This is the reason why Ambedkar’s neo-Buddhist followers never objected to the legal category of being a Hindu after his conversion. The politics behind it also needs to be understood. The Neo-Buddhists did not have the status of a Scheduled Caste till the eighties, nor did they get the benefits of reservation. The ex-untouchables who converted to Sikhism were getting the benefits of reservation since the fifties. It was such an example that the followers of Ambedkar, who became a Buddhist, used to hope that eventually they too would be included in the Scheduled Castes. Late, but that’s what happened. In the nineties, by amending the constitution, it was decided to consider them as scheduled castes and give them reservation. In doing so, they became legally one of those Hindu castes who are believed to have been forced by tradition to practice unclean occupations. In this way, the Neo-Buddhists allowed themselves to be assimilated in the Hindu realm despite their conversion by accepting to be Hindus from the legal point of view.

It is also interesting to know what did Acbedkar himself say after rejecting Islam and Christianity and choosing Buddhism? His biographer Dhananjay Keer quotes him as saying: ‘I will choose the path least harmful to the country. By adopting Buddhism, I am doing the most good to the country, because Buddhism is a part of Indian culture. I have taken care that my conversion should not harm the culture and history of this land.’ Certainly, Ambedkar’s statement can at least be taken to mean that he had no objection to Savarkar’s formulation that Islam and Christianity are not Indian religions.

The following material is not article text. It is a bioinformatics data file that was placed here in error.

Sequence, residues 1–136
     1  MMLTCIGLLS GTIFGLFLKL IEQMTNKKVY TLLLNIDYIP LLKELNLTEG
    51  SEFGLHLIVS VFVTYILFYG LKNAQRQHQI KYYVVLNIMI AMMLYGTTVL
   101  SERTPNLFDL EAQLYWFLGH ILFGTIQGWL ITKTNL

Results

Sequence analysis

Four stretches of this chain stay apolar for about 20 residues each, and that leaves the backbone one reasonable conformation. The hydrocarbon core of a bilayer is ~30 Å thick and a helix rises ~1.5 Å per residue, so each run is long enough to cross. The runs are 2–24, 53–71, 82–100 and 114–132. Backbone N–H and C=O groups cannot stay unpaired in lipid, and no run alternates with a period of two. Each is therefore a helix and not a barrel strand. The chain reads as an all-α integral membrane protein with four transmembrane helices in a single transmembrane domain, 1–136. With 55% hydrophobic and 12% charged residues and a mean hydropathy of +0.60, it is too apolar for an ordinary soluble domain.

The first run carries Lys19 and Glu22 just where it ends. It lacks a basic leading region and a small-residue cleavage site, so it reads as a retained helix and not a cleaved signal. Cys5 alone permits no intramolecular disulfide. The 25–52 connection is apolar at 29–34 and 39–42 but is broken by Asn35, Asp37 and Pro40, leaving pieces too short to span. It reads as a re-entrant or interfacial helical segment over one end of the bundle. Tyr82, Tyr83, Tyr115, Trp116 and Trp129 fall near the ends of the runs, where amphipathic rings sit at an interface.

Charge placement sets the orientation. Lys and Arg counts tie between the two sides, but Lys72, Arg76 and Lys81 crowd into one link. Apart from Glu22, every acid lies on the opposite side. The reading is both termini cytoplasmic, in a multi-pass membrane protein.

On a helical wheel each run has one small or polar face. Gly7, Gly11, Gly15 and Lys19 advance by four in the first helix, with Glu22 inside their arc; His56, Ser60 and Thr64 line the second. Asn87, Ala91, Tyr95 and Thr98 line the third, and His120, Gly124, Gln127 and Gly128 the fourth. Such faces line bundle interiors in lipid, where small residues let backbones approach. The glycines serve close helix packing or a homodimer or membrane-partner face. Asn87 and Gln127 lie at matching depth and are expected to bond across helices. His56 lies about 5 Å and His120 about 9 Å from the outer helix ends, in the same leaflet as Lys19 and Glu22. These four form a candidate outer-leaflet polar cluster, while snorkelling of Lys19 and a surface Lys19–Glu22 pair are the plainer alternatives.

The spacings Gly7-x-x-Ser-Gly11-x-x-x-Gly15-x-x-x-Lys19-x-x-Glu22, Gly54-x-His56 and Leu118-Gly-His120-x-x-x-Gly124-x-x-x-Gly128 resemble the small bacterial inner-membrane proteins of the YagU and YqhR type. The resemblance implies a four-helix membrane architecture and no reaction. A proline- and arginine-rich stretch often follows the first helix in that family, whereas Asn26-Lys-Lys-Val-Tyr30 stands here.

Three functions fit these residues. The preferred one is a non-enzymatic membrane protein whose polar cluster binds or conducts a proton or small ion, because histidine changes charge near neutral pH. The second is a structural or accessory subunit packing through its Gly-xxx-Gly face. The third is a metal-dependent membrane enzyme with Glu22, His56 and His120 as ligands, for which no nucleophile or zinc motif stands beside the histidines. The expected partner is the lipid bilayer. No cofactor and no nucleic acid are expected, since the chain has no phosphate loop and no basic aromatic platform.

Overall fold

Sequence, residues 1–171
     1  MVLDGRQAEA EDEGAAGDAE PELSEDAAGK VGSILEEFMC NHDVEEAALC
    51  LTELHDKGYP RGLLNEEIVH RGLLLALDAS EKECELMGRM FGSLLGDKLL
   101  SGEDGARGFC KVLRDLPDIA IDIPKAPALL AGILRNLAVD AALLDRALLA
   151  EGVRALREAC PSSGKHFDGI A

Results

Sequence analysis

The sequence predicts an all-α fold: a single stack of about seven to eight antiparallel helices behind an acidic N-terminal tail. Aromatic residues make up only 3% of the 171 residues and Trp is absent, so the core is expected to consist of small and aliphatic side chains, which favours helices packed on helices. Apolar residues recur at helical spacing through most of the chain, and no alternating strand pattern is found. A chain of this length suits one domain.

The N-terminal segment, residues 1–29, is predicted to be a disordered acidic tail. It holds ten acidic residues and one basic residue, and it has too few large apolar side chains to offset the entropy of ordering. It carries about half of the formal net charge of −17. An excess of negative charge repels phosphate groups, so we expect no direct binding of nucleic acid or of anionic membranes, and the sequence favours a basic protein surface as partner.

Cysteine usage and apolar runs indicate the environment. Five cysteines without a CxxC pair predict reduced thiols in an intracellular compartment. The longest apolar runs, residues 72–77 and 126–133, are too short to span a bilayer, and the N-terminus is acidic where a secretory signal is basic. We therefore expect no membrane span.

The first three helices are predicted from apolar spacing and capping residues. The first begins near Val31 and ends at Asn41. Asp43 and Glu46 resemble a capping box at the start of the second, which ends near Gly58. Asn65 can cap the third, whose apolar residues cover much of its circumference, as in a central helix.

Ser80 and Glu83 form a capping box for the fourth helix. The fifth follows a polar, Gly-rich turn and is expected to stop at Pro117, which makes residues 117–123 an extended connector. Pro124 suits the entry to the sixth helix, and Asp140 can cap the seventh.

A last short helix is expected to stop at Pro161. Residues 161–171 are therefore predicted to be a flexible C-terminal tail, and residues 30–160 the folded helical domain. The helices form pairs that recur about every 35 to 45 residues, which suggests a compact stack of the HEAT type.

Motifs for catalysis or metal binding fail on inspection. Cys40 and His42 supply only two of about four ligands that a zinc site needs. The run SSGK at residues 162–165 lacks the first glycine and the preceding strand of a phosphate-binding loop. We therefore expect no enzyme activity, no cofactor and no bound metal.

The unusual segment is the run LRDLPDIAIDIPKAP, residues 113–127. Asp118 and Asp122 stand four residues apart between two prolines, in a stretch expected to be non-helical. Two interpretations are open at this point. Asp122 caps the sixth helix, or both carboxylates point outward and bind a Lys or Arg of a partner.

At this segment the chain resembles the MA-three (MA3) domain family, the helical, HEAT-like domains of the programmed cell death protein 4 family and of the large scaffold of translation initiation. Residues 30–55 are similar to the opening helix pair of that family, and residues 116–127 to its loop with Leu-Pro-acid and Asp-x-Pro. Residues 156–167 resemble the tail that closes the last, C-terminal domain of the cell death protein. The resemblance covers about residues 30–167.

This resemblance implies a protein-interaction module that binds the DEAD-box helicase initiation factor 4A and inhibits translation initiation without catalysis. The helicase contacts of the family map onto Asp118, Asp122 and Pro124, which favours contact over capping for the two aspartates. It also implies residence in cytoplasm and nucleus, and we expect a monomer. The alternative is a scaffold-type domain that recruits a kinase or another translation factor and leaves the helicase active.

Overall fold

As soon as the religious communities rebelling against the Hindu tradition come under the legal Hindu ambit, the formation process of the Hindu majority gets further strengthened. According to a scholar studying the interplay of religion and law in independent India, the Indian government has accepted the definition of Hindu as given by Savarkar, if we look at the language of the constitution and subsequent laws. Hindu is one who is a follower of religions born in India. Thus there emerge two definitions of being a Hindu: one who is a Hindu by religion, and one who is a Hindu by law. Sociologist Dipankar Gupta has formulated how India’s liberal democracy has a hand in creating the Hindu majority that the Sangh Parivar insists on: ‘…what we call the Hindu ‘majority’ actually came into being after Independence. Thanks to these laws. Prior to their formation, the standards of not only marriage but also succession and guardianship differed from place to place in India and from one community to another. Somewhere the succession was decided by the Mitakshara system and somewhere by the Dayabhaga, and each of these systems had different schools of thought. Nor can it be denied that many matrilineal communities also had to accept this newly created uniform standard. … Before the mid-fifties, what were the Hindus if not strewn with a variety of customs? The community which we consider as a vast ‘majority’ today is the product of these laws and before them it did not exist. In other words, it can also be said that this ‘majority’ is a creation of liberal democracy. Many have come together under the watchful eye of the Constitution. Now in the new circumstances, it is a matter of thinking that what kind of adverse effect will the Uniform Civil Code (which will definitely try to present a uniform law for all adopting the modernist point of view) on India’s cultural, religious and religious diversity? Can

The writer is professor and director of the Archival Research Program in Indian Languages, Ambedkar University, Delhi.
, Pro. Abhay Kumar Dubey